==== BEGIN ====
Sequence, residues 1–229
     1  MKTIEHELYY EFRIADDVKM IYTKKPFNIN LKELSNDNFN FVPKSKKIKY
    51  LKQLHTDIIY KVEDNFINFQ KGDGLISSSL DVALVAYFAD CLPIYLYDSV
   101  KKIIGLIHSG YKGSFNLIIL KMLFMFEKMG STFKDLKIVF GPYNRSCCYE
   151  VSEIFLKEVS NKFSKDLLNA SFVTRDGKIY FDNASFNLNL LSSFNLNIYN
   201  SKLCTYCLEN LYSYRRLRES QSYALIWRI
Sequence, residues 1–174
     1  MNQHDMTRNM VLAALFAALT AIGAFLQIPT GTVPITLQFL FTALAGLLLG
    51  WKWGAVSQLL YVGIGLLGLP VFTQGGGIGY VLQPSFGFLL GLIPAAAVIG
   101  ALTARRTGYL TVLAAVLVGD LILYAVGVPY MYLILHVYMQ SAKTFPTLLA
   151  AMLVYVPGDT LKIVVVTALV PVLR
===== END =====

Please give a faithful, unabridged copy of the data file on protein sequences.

Sequence, residues 1–229
     1  MKTIEHELYY EFRIADDVKM IYTKKPFNIN LKELSNDNFN FVPKSKKIKY
    51  LKQLHTDIIY KVEDNFINFQ KGDGLISSSL DVALVAYFAD CLPIYLYDSV
   101  KKIIGLIHSG YKGSFNLIIL KMLFMFEKMG STFKDLKIVF GPYNRSCCYE
   151  VSEIFLKEVS NKFSKDLLNA SFVTRDGKIY FDNASFNLNL LSSFNLNIYN
   201  SKLCTYCLEN LYSYRRLRES QSYALIWRI
Sequence, residues 1–174
     1  MNQHDMTRNM VLAALFAALT AIGAFLQIPT GTVPITLQFL FTALAGLLLG
    51  WKWGAVSQLL YVGIGLLGLP VFTQGGGIGY VLQPSFGFLL GLIPAAAVIG
   101  ALTARRTGYL TVLAAVLVGD LILYAVGVPY MYLILHVYMQ SAKTFPTLLA
   151  AMLVYVPGDT LKIVVVTALV PVLR